Ahead of the 2006 world juniors gold-medal game, Justin Pogge was on top of the hockey world, even if he didn’t feel like it.
“I was nervous as hell before every game,” he remembered with a chuckle. “I can’t say I ever felt comfortable the whole tournament.”
Over the prior 10 days, Pogge had emerged as the tournament’s breakout star, allowing just six goals and coming into the final with a pair of shutouts, including one of Finland in the semifinal.
“We weren’t touted to win. We were the underdogs,” he said of the gold-medal game against an Evgeni Malkin-led Russian team at GM Place in Vancouver.
But Pogge was unbeatable again, leading Canada to a 5-0 victory and world juniors gold.
“I was in complete shock that we won,” Pogge said. “I remember trying to do an interview after and I couldn’t speak straight. I sounded like an idiot.”
The victory was especially sweet with family from his hometown of Penticton in the crowd.
“Winning in Vancouver was huge for me, being a B.C. boy,” he said.
From a hockey sense, those moments at GM Place were among the best Pogge would see for some time.
But now, years after a difficult NHL experience, a long stint in the minors and three European countries, Pogge seems to have finally found his comfort zone.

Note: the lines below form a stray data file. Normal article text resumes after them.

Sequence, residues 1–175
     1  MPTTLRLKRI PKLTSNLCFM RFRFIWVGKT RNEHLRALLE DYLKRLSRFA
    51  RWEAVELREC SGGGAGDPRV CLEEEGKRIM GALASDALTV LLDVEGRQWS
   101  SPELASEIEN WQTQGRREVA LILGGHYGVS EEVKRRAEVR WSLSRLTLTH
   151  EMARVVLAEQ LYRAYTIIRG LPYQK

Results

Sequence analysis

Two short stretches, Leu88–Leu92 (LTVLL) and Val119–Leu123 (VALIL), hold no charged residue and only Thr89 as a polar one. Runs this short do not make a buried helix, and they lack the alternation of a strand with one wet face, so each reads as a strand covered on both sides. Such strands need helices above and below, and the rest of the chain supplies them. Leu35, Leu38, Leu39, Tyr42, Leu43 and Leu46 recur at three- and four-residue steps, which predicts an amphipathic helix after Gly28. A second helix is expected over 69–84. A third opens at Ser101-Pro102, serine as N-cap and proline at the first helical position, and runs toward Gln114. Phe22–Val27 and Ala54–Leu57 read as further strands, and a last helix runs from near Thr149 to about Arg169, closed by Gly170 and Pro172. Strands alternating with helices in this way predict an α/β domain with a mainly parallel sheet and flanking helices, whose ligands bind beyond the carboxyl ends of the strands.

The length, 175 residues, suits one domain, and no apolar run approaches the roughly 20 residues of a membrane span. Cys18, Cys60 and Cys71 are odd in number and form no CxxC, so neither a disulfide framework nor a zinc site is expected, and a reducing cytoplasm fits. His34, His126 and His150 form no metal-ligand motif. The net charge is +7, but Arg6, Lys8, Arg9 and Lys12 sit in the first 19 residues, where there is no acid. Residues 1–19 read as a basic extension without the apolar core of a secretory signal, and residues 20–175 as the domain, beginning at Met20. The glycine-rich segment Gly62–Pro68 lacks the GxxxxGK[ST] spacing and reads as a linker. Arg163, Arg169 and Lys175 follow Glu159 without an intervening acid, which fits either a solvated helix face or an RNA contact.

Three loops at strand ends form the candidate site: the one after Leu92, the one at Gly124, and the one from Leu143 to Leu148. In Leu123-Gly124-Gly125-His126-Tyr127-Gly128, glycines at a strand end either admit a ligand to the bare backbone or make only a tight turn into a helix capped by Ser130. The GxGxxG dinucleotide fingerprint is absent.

Pogge was drafted 90th overall by the Toronto Maple Leafs in 2004 and made his NHL debut with a 6-2 win in Atlanta. But Pogge lost his next six starts, allowing 25 goals in the process.
His 4.36 goals-against average and a .844 save percentage led to a quick demotion to the minors.
“I got my chance. I was very grateful for my chance at 20 years old. But it wasn’t the right time for me,” he said of his time with the Leafs.
In the fall of 2012, a labour dispute put the NHL season in doubt, so after eight seasons in the American and East Coast Hockey League, Pogge packed up and headed to Europe, starting with Ritten Renon of the Italian Serie A league.
“I had to start from the bottom and work my way back up,” he said.
From there, he played three seasons in Sweden, followed by one in Slovakia with the KHL’s Bratislava Slovan, and then a return to Sweden with Rogle BK — the team he’s played for since 2017.
Cue the comeback?
Pogge says Sweden is a good place to raise his family after he and his wife had their first child, a son, last year.
“It’s a beautiful country and they love Canadians and Americans,” he said. “I’ve built a good life here.”
While it’s not the NHL, Pogge is playing regularly, starting or appearing in 32 of his team’s 52 games last season.
“Sweden has to be one of the top leagues … the consistency of the game is so good and you can tell by the sheer number of Swedes in the NHL.”
He says his Europe excursion has been a good experience, but a return to North America would be hard to say no to.
“I always have that dream of coming back and getting the chance to put an NHL uniform on again,” he said.
“I understand my age and everything but I’m a different goalie [compared to] when I was 20 years old. Guys get to come back over and honestly I would love to be one of those guys.”
At the same time, he’s realistic about his options.
“Being a goalie, it’s a little different. You know there’s only so many jobs,” he said.